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I got this question on my Maths exam today, and the Department of Education has stated it is on the syllabus, but none of the three textbooks I could get my hands mention anything about it. One mentions the volume of a cone, but none the area of a circle.

Use integration methods to establish the formula $A = \pi r^2$ for the area of a disc with radius $r$

How would I do this?

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How many types of integration do you know? –  Jack Jun 11 '11 at 0:44

4 Answers 4

I think the best answer is the one given here: http://www.nick-santos.com/jokes/2007/05/mathematician-and-plumber.html

EDIT (at Aryabhatta's suggestion): The area is $$\int\int_{\rm circle}1\,dy\,dx=\int_0^{2\pi}\int_0^Rr\,dr\,d\theta={\rm etc.}$$ but this loses all the flavor of the link.

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Funny, but better suited as a comment :-) –  Aryabhata Jun 10 '11 at 23:52
@Aryabhatta, you're probably right, but there is an answer there, and it's correct, and it differs significantly from the other three answers currently posted in that it uses a double integral. –  Gerry Myerson Jun 11 '11 at 0:07
Why don't you edit the answer to mention the exact details? Currently it seems too generic. –  Aryabhata Jun 11 '11 at 0:08

The limit of the Riemann sum of annulae will give you $$\int_0^r 2\pi r \; dr$$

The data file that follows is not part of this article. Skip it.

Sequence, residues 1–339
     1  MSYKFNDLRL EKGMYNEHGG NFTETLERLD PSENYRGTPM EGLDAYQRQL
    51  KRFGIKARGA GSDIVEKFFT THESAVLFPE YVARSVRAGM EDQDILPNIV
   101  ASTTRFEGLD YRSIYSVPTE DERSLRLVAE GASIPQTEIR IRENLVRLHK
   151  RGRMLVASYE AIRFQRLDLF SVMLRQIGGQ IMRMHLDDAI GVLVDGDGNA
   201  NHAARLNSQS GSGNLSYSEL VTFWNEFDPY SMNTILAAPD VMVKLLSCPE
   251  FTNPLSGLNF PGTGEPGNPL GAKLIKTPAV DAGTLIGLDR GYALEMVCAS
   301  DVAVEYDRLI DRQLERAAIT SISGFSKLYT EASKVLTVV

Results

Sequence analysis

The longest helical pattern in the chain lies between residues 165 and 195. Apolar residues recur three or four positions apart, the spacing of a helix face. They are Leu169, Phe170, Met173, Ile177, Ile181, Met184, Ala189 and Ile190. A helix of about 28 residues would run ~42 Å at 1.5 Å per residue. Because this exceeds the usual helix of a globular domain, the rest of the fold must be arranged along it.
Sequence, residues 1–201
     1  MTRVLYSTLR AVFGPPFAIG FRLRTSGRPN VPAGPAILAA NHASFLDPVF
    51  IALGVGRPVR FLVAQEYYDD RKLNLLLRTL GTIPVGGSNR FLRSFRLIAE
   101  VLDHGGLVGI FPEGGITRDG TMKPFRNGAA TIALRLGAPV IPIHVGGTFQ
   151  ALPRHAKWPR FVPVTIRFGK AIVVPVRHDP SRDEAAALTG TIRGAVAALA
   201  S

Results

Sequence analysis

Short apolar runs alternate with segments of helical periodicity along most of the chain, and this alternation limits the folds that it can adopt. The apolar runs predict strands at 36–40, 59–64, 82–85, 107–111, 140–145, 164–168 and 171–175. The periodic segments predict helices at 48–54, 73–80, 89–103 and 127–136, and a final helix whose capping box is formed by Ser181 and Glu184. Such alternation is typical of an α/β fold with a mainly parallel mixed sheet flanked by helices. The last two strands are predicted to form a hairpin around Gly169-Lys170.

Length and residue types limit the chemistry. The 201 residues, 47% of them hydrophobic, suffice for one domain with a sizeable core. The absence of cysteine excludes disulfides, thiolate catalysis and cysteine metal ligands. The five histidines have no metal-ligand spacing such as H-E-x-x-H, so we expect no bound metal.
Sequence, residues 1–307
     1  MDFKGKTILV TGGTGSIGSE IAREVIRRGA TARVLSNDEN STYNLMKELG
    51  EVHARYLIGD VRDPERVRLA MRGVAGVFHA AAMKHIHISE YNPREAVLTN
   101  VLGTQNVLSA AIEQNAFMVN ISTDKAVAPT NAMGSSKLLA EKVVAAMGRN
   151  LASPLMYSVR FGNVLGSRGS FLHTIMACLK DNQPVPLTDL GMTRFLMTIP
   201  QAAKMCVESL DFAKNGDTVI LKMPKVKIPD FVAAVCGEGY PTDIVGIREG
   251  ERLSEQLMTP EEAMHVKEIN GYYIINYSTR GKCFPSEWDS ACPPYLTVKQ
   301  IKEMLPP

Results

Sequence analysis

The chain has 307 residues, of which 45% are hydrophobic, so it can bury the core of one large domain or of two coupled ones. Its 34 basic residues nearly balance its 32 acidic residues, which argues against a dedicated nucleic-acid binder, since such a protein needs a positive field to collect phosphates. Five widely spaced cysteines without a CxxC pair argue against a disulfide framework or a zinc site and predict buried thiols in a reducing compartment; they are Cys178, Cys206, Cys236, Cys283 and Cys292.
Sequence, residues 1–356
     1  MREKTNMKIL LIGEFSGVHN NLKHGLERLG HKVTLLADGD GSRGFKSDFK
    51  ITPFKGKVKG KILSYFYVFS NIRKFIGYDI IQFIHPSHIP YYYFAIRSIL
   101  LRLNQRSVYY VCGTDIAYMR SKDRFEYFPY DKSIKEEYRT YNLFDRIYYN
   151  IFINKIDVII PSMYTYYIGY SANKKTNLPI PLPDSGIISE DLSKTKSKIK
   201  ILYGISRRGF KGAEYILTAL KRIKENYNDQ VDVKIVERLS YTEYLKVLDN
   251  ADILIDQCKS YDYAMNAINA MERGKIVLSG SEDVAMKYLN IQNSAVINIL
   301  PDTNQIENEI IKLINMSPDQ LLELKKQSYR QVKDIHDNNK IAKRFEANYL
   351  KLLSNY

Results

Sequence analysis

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Sure, but that just establishes that $\pi$ is half of $2\pi$. –  Michael Lugo Aug 12 '11 at 15:15
@Michael, surely that's all you need to establish, given that dimensional analysis gives you the rest? Or have I missed your point? –  Peter Taylor Aug 12 '11 at 16:21
My point is that it would be nice to have some way to calculate π, for example some integral that it's equal to. –  Michael Lugo Aug 12 '11 at 23:44

The equation of a circle of radius $r$ centered at the origin is $$x^2+y^2=r^2.$$ You can take the portion of the circle that lies on the first quadrant, which is exactly one quarter of the entire circle, and express it as a function of $x$ by solving for $y$: $$y = \sqrt{r^2-x^2},\qquad 0\leq x\leq r.$$ The area of the circle is four times the area of the region between the $x$-axis, the $y$-axis, and the graph above.

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You would write an equation for a (piece of a) circle of radius $r$ and integrate to find the area. For example, one quarter of the circle is $x^2+y^2=r^2, x,y \ge 0$. So the area of the circle is $$4\int_0^r y \; dx=4\int_0^r \sqrt{r^2-x^2} \; dx$$

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Probably the intended answer. Depending on how early in the course the question occurs, the students may not know how to do areas in polar coordinates, or in double integrals. –  GEdgar Aug 9 '11 at 16:26

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